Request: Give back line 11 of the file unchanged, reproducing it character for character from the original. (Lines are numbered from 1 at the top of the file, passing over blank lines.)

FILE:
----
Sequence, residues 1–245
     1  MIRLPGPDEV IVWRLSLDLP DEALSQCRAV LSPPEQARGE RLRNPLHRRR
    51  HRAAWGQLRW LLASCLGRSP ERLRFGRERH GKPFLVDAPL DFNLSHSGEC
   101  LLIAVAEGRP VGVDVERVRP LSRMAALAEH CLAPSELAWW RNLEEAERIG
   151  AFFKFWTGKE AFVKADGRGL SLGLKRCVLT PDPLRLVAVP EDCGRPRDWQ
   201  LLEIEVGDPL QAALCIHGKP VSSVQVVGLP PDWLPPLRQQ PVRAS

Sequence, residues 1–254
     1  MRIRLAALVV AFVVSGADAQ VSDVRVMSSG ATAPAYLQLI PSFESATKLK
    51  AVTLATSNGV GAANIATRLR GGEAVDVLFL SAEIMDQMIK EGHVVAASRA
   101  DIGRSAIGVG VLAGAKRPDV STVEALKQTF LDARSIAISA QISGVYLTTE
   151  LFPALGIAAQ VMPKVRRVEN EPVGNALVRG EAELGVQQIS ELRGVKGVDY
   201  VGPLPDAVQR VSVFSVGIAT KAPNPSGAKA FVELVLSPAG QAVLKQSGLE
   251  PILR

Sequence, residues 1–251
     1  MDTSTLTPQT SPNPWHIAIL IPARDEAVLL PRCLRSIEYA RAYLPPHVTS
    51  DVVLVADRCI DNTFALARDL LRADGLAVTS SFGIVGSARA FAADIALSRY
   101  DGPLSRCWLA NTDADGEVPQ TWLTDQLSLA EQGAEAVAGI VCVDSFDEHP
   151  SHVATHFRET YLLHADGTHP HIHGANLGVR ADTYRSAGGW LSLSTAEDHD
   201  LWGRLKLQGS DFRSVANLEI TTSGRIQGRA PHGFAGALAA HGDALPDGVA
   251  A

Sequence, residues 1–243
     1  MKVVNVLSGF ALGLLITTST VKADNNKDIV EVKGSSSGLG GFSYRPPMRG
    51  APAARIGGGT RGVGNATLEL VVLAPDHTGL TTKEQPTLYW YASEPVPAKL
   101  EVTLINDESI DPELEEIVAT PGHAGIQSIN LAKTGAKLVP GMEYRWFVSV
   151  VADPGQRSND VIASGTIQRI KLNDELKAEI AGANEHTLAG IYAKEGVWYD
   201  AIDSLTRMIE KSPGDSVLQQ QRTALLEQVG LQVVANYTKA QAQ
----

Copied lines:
   151  LFPALGIAAQ VMPKVRRVEN EPVGNALVRG EAELGVQQIS ELRGVKGVDY